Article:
August 20, 2015

My career in science policy was not planned. However, looking back on how I got to my current position as the Associate Director of the Institute on Science for Global Policy (ISGP), I have been able to identify the critical decisions and junctures in my career that has led to my current position. First and foremost, I developed an expertise in a specific subject matter – risk and behavioral science. To ensure a long and upwardly mobile career in science policy, obtaining subject matter expertise through graduate studies and/or professional experience is crucial. It is also critical to network and seek out interdisciplinary meetings, conferences, and events on current policy topics (e.g., genetic engineering) that attract individuals from various sectors (e.g., government, academia, industry).   It was at one of these meetings held by the International Risk Governance Council (IRGC) several years ago that I met the director of the ISGP, Dr. George Atkinson. I joined the ISGP as a Senior Fellow and was appointed the Associate Director in January 2015.

My typical day at the ISGP consists of training and mentoring new and existing staff. I oversee daily staff activities, which include researching, preparing, writing and editing background materials and reports for the variety of topics that our institute covers. I am also responsible for identifying, building and maintaining relationships with key collaborators (e.g., funding bodies, academic institutions). Finally, I am responsible allocating the organization, management, and implementation of ISGP’s programs, which currently include our Signature Series (e.g., emerging and persistent infectious diseases), our ISGP Academic Partnerships (IAP) program, and our program on Global Challenges (e.g., climate change). These programs consist of specific series to which staff is assigned to help plan, organize, and convene ongoing series of debates.

For potential candidates for hire, the ISGP looks for academic and professional experience concerning the evaluation of scientific research and conclusions as well as strong oral and written communication skills. We also require candidates to demonstrate good problem-solving skills, a keen attention to detail – especially with respect to recording the substance of oral debates, editing notes from a variety of sources, and interviewing subject matter experts to obtain clarification of ideas. Strong candidates for the ISGP will possess the ability to conform to rapidly shifting priorities and demands. Candidates must be able to respond well to direction, adjustments, and alterations promptly and efficiently. We look for candidates who have the ability to work independently in a fast-paced environment as well as a strong ability to meet target deadlines and manage their time effectively. Successful candidates will be able to work both independently and in a team-oriented, collaborative environment.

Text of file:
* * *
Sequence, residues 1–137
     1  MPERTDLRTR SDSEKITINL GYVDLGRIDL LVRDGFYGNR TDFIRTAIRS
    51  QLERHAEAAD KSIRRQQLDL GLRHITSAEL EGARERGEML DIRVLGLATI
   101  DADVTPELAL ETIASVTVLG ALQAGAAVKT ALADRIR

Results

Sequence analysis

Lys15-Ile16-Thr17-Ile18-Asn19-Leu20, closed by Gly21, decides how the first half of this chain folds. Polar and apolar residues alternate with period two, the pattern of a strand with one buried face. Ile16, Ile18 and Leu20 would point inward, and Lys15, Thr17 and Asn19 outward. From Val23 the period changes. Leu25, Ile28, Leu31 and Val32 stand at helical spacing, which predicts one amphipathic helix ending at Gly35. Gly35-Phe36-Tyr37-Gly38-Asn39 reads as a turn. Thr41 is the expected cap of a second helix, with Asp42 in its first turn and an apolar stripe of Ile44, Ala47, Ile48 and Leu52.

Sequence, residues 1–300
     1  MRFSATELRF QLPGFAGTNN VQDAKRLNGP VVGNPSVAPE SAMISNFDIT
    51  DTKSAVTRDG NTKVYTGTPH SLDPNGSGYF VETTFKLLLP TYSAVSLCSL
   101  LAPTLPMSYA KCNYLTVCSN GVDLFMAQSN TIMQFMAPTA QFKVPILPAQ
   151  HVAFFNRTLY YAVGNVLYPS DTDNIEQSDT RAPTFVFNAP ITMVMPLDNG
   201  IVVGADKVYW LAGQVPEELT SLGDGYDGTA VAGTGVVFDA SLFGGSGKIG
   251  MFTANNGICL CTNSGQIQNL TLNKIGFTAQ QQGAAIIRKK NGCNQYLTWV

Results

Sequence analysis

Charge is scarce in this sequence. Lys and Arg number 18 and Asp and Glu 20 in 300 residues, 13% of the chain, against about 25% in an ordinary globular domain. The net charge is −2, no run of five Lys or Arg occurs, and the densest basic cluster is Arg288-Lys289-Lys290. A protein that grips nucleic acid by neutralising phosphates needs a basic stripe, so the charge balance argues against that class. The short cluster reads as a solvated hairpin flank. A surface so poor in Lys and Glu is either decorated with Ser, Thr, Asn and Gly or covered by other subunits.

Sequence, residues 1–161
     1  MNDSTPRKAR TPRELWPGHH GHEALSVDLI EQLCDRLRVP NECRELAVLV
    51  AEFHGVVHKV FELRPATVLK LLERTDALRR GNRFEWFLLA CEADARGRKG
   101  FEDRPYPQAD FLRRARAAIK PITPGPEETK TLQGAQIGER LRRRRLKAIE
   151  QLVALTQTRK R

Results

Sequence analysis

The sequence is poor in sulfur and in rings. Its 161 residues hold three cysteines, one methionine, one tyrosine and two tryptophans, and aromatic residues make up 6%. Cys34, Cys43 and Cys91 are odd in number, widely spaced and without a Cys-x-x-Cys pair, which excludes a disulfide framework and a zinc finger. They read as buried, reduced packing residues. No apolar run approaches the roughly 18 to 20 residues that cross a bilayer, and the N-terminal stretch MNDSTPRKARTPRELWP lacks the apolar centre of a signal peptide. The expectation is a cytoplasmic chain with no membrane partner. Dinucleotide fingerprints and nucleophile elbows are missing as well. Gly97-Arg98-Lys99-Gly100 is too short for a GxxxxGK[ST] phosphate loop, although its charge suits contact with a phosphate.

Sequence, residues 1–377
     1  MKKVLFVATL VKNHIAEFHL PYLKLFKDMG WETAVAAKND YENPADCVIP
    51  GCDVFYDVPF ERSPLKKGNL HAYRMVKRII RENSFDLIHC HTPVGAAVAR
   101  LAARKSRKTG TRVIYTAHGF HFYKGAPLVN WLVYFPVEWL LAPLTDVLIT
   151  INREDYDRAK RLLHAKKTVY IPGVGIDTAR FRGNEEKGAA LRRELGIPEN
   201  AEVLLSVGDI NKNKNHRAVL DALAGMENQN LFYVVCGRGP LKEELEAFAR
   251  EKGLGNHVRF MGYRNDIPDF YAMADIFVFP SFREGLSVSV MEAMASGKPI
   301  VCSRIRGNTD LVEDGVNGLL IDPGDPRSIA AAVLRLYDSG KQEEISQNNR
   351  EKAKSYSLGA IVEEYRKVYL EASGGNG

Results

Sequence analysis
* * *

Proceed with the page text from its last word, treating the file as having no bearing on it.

Once hired, new staff members are integrated into all aspects of working for the institute. Staff regularly interview and correspond with scientific and policy experts, both in the United States and abroad, to determine the relevance of their professional expertise to the topics on the agenda of each ISGP conference.  Staff members are asked to assess the level of communication skills of debate presenters/audience participants that are necessary to promote vigorous, critical debate within the scope of ISGP conferences and ultimately contribute to the selection of potential debate presenters/audience participants for each ISGP conference. Staff members are required to justify their recommendations through networking, extensive correspondence, selective interviews, and a detailed familiarity with the related scientific and policy literature.

Staff members must be responsive to collective staff needs for conference planning and be able to work closely with all ISGP staff on a variety of issues at each ISGP conference. Staff members must also take an active role in writing and editing pre- and post-conferences material and publications in tandem with other members. Routine correspondence with colleagues and providing regular updates to senior staff is critical for the institute’s overall success. Because ISGP staff is located throughout the United States – and some globally – it is also imperative that potential candidates demonstrate the ability to work efficiently and productively across time zones through tools such as conference calling, e-mail exchanges, and scheduled meetings in designated places.

Ultimately, the success of a global policy institute such as the ISGP is dependent upon the skills of the core team. The ISGP has set a high bar for the types of candidates it seeks, but it is also necessary for potential candidates to understand the nature of the work conducted at a neutral not-for-profit think tank to ensure that it is within their scope of interest. I highly recommend following the above guidelines for anyone looking for a long and successful career in the field of science policy and particularly with the ISGP.

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